Advertisers need to stop siloing adtech

By Paige Murphy | 9 July 2019

Australia’s advertising industry needs to work towards a “fully integrated approach” when it comes to adtech, says Adform commercial lead for ANZ Angus Blackwood

Blackwood told AdNews the local industry currently views adtech in a more modular way which isn’t allowing it to be optimised to its full potential.

“The opportunity to add value via a fully integrated approach could not only make ad spend more efficient, but also deliver a connected brand story,” Blackwood says.

“There is a knowledge gap regarding dynamic creative optimisation (DCO), meaning a great opportunity to support brands as they build an understanding of how to move away from siloed planning to produce a joined-up storytelling experience for all customers – no matter the platform they are targeted on.” 

He sees the future adtech heading towards this integrated approach, alongside the standardisation of cross-media measurement solutions.

While programmatic is still making its way through the infancy stages, Blackwood says its full potential is being realised on a global scale.

This potential has been realised across the APAC market, including Australia where the online advertising market hit $8.8 billion in 2018, up 11.6% from 2017.

“We now have access to mature technology, which has overcome many hurdles – most recently with transparency concerns – and now programmatic looks to have earned its place as a core part of adtech’s future,” Blackwood says.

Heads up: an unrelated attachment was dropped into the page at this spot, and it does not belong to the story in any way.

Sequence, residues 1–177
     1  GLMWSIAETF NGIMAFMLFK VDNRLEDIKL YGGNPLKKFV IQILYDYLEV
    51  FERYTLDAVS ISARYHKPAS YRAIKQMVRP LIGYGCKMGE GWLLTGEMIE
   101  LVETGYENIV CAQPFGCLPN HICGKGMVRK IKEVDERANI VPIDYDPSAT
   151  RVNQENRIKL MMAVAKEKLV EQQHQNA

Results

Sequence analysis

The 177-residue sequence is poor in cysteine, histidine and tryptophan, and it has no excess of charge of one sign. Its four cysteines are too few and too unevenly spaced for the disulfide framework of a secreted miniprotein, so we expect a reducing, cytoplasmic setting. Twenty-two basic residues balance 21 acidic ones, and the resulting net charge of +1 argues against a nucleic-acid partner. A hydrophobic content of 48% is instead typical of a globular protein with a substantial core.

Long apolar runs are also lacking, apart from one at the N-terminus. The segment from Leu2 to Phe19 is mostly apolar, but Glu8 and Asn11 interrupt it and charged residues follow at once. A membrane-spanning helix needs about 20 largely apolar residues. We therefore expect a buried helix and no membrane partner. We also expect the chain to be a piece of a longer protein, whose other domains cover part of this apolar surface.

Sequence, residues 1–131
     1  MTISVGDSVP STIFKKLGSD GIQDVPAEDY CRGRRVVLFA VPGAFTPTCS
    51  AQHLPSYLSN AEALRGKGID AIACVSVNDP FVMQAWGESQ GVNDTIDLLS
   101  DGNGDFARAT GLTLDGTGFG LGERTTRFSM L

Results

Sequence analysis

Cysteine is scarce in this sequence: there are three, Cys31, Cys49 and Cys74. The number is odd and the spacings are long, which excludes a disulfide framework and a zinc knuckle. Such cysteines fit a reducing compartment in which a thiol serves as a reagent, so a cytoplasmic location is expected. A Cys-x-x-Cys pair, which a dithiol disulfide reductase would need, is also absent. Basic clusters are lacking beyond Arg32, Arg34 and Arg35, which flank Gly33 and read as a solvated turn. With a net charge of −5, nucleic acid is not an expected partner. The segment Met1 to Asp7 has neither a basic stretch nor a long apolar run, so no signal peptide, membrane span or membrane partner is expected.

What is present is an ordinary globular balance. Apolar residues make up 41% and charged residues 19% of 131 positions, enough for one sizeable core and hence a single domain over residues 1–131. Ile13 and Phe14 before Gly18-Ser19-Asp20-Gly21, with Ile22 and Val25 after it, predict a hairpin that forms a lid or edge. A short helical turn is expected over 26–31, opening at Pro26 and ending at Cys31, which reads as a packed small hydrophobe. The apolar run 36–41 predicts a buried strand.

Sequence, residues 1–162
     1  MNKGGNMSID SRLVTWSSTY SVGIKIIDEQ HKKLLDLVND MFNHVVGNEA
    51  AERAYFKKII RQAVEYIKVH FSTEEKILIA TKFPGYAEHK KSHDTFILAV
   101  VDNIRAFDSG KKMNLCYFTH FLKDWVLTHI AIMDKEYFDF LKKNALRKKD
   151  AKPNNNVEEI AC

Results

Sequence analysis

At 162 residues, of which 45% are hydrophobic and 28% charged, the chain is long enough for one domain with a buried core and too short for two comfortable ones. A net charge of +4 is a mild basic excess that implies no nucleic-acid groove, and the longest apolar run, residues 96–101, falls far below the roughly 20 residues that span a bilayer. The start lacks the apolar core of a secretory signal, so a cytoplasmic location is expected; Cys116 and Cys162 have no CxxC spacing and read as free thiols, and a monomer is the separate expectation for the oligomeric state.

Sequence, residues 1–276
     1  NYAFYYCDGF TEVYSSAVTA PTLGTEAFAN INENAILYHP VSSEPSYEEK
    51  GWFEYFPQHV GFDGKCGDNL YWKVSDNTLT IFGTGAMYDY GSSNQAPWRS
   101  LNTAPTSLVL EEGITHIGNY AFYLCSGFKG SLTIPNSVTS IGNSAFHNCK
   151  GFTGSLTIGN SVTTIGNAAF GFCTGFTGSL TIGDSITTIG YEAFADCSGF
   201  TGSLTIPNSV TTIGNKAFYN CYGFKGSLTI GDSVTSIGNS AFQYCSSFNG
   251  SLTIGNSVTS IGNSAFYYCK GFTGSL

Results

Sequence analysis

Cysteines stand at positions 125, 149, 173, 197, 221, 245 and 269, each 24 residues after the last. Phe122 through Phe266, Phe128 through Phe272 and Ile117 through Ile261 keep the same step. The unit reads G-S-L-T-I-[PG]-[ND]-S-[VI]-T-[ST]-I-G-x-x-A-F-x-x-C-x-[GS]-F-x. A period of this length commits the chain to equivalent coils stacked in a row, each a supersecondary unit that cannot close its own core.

Artificial intelligence (AI) is another area Blackwood believes is “ripe for development”, but as he notes it has already started to pave its way across a number of industries.

“This isn’t a future-looking prediction; AI is already a reality in many forms,” he says.

“As we look further into the future, we will see increasing use cases, application and decision-making based on AI, leveraging the full benefits of this technology to solve the evolving challenges faced by advertisers, agencies, and publishers.”

Adform has already developed its own proprietary AI called Odin, which Blackwood says is set to oversee the algorithms and auction processes. 

Odin will then be able to learn from failed bids and store both wins and losses in order to optimise for the best results.

The global independent adtech provider hit Australian shores in 2018, following its launch in Singapore and India in 2016 and 2017, establishing the business in the APAC market.

Blackwood says the adtech ecosystem is still establishing itself across the APAC region but the Australian adtech industry has proven to be catching up quickly to its global counterparts.

“As a key growth area in the coming year, the Australian market should take note of the lessons learnt in more established markets – such as the US, UK and Germany – to ensure it overcomes potential hurdles,” Blackwood says.

“Australia has the advantage of a mature advertising sector, making adtech the key to unlocking the great potential for its digital future.”

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